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31 July 2012

The Further Adventures of a Vector Graphics Newbie

Beyond Straight Edges — The Curvy Side of SVG


After creating my first vector design of a paper bag, which was mostly straight edges, I decided for my next Inkscape project to create a canvas bag, which would be a bit more complex due to curves on the handles and the wrinkled sides of the bag. I found a suitable canvas bag image to use as a model and got to work.

I chose to make each differently shaded or colored section of the bag a separate vector object so that I could use a simple gradient on each object to color it. I drew all of the objects with the Bezier Curve tool (1), which allows you to place control points by left-clicking at strategic spots (2). These control points have handles that can be extended, retracted, and rotated to adjust how the curves look. There are four different types of points: a diamond-shaped point whose handles can be moved completely independently; a square-shaped point whose handles always make a straight line, but each handle can be a different length; a square-shaped point whose handles always make a straight line, but the handles are always the same length and moving one handle automatically  moves the other one; and a circle-shaped point, which I have never used, but, based on observation, its purpose seems to be to do a quick smoothing of its part of the curve. Touching either of the handles on a circle-shaped control point turns it into the first type of square-shaped control point. For any given point, you can cycle among the different point types by doing a Ctrl+Left-click on the point.

Inkscape Bezier curves

Here's a picture of all the objects that I drew:

Vector Canvas Bag Line Work

And here's an exploded version so you can see each object:

Vector Canvas Bag Line Work Exploded

For each vector object, I used the Color Picker tool (3) to pick an appropriate color from the corresponding section of the original bag image and then chose a linear gradient (4) which went from 100% opacity at one end to 0% opacity at the other, adjusting the direction and length of each gradient line as necessary.

Vector Canvas Bag Gradients

Of course, as pointed out in my previous post, setting the opacity below 100% meant that any colored background that this bag was placed on would show through the bag, but these initial steps allowed me to get my vector bag looking approximately how I wanted it.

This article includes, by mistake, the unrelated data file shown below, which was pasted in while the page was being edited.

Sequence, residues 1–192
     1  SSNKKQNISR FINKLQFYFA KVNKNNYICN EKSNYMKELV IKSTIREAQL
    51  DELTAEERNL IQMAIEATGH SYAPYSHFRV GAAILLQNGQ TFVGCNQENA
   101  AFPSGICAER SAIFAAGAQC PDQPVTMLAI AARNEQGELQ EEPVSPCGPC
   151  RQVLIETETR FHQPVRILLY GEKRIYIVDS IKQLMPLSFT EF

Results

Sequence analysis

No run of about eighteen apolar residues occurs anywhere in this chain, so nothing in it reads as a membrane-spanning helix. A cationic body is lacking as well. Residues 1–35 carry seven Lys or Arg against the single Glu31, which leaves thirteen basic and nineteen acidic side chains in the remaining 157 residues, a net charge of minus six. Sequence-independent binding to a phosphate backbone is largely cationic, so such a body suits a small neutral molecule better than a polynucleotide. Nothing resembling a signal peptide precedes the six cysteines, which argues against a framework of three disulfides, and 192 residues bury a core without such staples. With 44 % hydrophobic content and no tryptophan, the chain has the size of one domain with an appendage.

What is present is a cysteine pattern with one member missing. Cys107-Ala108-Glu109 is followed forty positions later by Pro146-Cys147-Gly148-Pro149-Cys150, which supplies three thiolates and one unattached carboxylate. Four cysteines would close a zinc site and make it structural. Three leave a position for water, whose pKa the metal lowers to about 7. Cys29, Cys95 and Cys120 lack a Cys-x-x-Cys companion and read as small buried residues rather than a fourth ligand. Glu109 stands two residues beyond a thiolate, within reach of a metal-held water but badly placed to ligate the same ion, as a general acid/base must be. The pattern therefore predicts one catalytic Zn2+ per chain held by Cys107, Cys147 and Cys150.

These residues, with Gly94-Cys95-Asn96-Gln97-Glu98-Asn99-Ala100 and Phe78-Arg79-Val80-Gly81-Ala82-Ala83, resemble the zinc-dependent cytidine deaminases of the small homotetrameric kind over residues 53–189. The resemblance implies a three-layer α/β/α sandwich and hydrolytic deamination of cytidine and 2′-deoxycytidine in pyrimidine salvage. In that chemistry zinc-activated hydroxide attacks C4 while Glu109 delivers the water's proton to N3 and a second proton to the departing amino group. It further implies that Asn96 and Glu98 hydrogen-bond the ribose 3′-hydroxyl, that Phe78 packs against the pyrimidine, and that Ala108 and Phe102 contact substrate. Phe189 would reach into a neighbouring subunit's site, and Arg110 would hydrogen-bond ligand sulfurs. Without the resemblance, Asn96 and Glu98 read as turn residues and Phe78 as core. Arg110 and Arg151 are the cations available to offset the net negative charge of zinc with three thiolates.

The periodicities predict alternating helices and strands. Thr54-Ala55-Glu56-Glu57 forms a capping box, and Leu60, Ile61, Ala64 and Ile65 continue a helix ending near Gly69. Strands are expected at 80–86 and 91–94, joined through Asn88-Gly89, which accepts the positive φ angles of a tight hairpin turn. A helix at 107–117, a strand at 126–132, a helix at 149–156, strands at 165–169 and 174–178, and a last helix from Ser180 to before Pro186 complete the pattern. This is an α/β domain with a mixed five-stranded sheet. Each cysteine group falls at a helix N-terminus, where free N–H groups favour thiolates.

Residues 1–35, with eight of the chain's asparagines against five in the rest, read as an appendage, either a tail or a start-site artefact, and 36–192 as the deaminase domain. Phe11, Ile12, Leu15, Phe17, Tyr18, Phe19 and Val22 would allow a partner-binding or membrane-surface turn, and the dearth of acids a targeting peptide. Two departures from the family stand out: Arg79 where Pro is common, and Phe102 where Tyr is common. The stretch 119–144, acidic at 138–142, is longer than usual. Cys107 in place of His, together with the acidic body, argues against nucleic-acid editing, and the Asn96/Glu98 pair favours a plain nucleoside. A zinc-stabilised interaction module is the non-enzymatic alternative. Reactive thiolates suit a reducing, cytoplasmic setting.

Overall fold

After creating the canvas bag I had the idea of making a green version to imply the concept of "going green" by using a reusable bag. To make it easy to do the shading in green, I overlaid the original canvas bag image with a semi-transparent green square to that I could see how the shading went. Then I made a copy of my vector bag, used the color picker again to pick the appropriate shade of green for each part, and then used a linear gradient in each part to shade it.

Green Vector Canvas Bag

I still had the linear gradients going to 0% opacity, so it was possible for background colors and objects to show through; plus, if you look closely, you can see that the seams between the vector objects that make up the bag are visible. This is an artifact of butting vector objects up against each other without overlapping enough. I wanted to fix these problems and also play around with the shading a bit, so I made a backup copy of my file and then started tweaking.

For some of the gradients I kept just the two endpoints, but made both of them 100% opacity and adjusted the lightness or darkness of the endpoints to get the shading I wanted. For other gradients, in addition to making the endpoints 100% opacity, I also added intermediate points in order to get a more interesting effect. This can be done by selecting a vector object with the Edit paths by node tool (5), opening the Fill and Stroke panel (6), selecting the Fill tab (7), clicking on the Edit button (8), then clicking on the Add stop button in the Gradient editor window (9) that pops open. After adding all the points I wanted, I selected each point on the gradient line and adjusted the color using the color tabs inside the Fill tab.

Vector Canvas Bag Re-Shading

To get around the problem with seam lines showing between vector objects, I resized many of them slightly so that adjacent objects overlapped enough that the seam effect no longer occurred.

Once I had the white bag set up the way I liked, I copied it and made a green version the same way.

Final Green Vector Canvas Bag

To complete the concept of "going green", I created a design with my new vector paper and canvas bags. I invoked a new instance of Inkscape and used the menu option File > Document Properties (10) to set the page dimensions to 1000 x 1400 pixels. I invoked a second Inkscape on my vector paper bag, selected all of its parts using the Select and transform objects tool (11), used the Group selected objects tool (12) to convert the paper bag to a single object for easy moving and resizing, then used Control-C to copy it and Control-V to paste a copy into my new empty document. I repeated the same steps for my vector canvas bag. Then I created 15 copies of the paper bag and made a 4 x 4 grid out of them with the green canvas bag placed among them. I used View > Grid to help me line up all the objects. I also have a 6" semi-transparent flexible plastic ruler that I can hold against my monitor to help me get spacing even.

Go Green Bag Arrangement

Here's the final result:

Final Go Green Bag Design

This little bag project was simple, fun, and gave me the opportunity to learn not only how to use some of Inkscape's tools, but also how to deal with some of the types of problems that can crop up when working with scalable vector graphics.

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